Money Talks And Art Matters, Graham Taylor, LAFF 2011 Keynote
[Music cue: We Will Rock You by Queen]
Never in the history of the movie business has there been a better time for the Independents to be entrepreneurial. The balance of power between Studios, Indies and Consumers is changing. Whether you are a filmmaker, producer, financier, distributer, or executive, now is the time to embrace the change. We are after all in the middle of a revolution, and nobody puts baby in the corner.
I asked my friend Bill Pullman to say a few words on the state of the independent film business over the past few years.
[roll clip of Bill Pullmans infamous speech in “Independence Day”]
[Good morning. In less than an hour, aircraft [filmmakers] from here will join others from around the world. And you will be launching the largest aerial (festival) battle in this history of mankind [the movies]. Mankind [The movies] — that word should have new meaning for all of us today. We can’t be consumed by our petty differences anymore. We will be united in our common interests. Perhaps its fate that today is the 4th of July [LAFF], and you will once again be fighting for our freedom, not from tyranny, oppression, or persecution [Harvey] — but from annihilation. We’re fighting for our right to live, to exist. And should we win the day, the 4th of July [LAFF] will no longer be known as an American holiday [film festival], but as the day when the world declared in one voice: “We will not go quietly into the night! We will not vanish without a fight! We’re going to live on! We’re going to survive!” Today, we celebrate our Independence Day [Film]!]
Good Morning. Thanks to Rebecca Yeldham and LAFF for asking me to speak today and kickoff a series of discussions over the weekend. When I asked Rebecca had she in fact meant to ask Graham King to speak instead, her response (buried with a disarming Aussie accent) was “well love, he is smarter and more successful, but he wasn’t available.” LAFF titled this morning’s discussion “Money Talks and Art Matters.” The convergence of film, art and commerce. This is a subject I am pretty well versed on. After all, my dad was a PhD economist and my mother an artist. Both Berkeley grads and present during the era of the sit-down protest, our home in Portland, Oregon was littered with Econ theory books, paintings in progress, and Birkenstocks.
From a young age I was forced to read my dad’s anti-trust testimony on the Utility Industry (you know, the sexy stuff), and at the same time was winning the Oregon State Fair’s mother/son weaving competition. Yes, I had a mean cross-over stitch. The apple doesn’t fall far from the tree: like an even blend of both parents, as a former producer and now as an agent, I am still right in the middle of the relationship between the artist and the money. A couples therapist, if you will. I build companies, enable artists and activate content. For me it’s simple: I love movies and I and love the movie business.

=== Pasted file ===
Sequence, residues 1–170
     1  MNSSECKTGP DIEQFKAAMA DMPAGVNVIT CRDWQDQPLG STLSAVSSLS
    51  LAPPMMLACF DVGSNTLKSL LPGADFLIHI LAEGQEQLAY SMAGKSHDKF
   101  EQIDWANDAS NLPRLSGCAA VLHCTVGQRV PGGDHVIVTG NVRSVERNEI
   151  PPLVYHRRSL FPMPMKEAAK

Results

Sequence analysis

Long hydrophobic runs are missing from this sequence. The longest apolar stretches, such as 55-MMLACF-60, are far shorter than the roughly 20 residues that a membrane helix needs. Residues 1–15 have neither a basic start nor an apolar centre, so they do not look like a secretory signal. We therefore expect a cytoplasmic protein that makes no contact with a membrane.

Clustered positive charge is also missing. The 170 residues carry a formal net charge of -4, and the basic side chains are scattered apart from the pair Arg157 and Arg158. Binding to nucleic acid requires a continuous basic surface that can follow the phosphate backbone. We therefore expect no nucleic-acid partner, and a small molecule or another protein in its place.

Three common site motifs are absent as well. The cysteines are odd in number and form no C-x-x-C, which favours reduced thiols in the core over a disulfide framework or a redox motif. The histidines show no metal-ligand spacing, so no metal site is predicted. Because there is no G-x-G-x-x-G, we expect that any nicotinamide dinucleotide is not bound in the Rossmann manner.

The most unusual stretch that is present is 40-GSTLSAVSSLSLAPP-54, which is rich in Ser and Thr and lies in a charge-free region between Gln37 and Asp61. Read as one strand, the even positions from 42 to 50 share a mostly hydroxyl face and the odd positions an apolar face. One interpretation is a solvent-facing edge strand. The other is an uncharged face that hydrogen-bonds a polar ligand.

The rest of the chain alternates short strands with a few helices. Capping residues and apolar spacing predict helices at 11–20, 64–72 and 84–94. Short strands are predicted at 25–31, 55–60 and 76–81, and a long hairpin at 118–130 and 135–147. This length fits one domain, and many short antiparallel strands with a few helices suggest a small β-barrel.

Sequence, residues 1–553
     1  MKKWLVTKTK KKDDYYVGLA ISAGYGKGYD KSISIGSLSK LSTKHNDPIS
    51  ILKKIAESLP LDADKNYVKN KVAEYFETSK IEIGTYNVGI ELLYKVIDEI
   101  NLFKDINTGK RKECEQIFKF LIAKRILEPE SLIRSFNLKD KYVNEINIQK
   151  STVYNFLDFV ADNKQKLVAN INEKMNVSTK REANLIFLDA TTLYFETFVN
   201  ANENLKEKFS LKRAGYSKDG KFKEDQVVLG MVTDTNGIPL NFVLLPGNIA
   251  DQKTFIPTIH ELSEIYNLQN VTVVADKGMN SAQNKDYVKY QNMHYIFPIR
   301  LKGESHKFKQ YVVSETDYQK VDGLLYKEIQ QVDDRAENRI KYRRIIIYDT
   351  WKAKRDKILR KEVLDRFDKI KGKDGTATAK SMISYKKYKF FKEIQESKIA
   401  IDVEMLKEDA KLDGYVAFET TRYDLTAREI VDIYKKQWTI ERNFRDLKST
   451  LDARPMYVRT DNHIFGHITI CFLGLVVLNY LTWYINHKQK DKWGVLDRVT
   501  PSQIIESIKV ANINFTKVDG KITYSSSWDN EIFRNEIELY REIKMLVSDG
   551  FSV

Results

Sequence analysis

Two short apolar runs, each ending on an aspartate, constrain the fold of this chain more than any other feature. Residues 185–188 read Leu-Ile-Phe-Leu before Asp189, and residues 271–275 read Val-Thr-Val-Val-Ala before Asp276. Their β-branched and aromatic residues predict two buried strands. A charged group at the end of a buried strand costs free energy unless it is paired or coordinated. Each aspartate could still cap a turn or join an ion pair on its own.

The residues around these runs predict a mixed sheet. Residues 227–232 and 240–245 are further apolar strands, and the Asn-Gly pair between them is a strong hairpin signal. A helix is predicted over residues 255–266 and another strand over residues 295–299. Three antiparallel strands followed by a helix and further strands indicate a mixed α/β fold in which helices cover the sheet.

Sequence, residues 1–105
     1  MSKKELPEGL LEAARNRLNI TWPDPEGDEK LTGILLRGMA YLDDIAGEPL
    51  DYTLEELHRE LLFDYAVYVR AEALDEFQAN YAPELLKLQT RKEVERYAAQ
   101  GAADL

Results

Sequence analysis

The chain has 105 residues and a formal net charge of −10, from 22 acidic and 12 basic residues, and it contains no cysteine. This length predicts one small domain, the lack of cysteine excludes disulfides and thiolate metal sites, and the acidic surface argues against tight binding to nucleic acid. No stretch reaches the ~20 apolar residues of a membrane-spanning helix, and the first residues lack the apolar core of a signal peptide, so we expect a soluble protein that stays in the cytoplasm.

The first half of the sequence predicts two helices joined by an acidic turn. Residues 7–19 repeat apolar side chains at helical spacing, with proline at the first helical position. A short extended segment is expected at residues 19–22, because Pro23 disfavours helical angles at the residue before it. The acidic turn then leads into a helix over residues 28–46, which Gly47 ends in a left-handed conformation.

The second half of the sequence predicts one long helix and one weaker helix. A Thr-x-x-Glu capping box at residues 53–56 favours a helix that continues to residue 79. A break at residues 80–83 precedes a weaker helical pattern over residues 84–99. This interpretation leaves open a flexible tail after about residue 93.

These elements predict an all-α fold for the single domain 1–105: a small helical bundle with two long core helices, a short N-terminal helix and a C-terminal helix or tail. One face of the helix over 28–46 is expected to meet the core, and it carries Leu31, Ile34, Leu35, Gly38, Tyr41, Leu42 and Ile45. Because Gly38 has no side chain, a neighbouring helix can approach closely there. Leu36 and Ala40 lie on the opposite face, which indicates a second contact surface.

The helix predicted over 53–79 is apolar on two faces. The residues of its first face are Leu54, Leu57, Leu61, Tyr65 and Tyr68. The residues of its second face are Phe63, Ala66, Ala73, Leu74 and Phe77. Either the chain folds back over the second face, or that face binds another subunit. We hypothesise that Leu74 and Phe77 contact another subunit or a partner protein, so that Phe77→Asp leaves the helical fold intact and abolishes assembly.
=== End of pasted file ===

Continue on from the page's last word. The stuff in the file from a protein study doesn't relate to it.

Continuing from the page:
Like all of us, I have unwittingly found myself front and center in the time of a revolution, when the only way to act is entrepreneurially. In order to operate effectively I have had to relearn lessons from the past. After all, in the movie business history has a funny way of repeating itself. Over the last 100 years, our business has had a few constants. Hollywood has produced and distributed content globally with more than 90% of it controlled by a handful of studios. In the 20th century, the greatest American export has been entertainment. The studios have operated sophisticated machinery that ships content globally, reaching anyone, anywhere.
At odds over economic realities, the relationship between the indies and the studios has always been a precarious one. This strained relationship has resembled an ad for the Olive Garden. The studio says “Hey, we treat you like family,” but instead they have consumed artists and money like the unlimited bread bowls put forth. In the same way that no self-respecting Italian from the old country would dine there, we as Independents have been forced to seek other options to carbo-load.
In 1919, when Charlie Chaplin, Mary Pickford, D.W. Griffith and Douglas Fairbanks created United Artists, it was an entrepreneurial reaction to the studio system. Artists and money banding together to create something different, introducing the idea of the “Independent.” At the time Metro Pictures head Richard Rowland said “the inmates are taking over the asylum,” in reference to the four actors starting UA and going up against the studios. People thought they were bonkers, but their passion and entrepreneurial spirit to create content and get it directly to consumers was an inspired mission. Sadly those principles at UA eventually disbanded 20 years later and the Golden Age of Hollywood settled in, effectively creating a caste system. Minus a few anomalies, it would again take the artists to rise up in the late 60s and early 70s, when a crop of groundbreaking films and entrepreneurs would take shape and give rise to Independents. A number of independent companies would fly high and fan out throughout the 70s and 80s and for the first time, the studios truly sourced outside financing, often from other countries.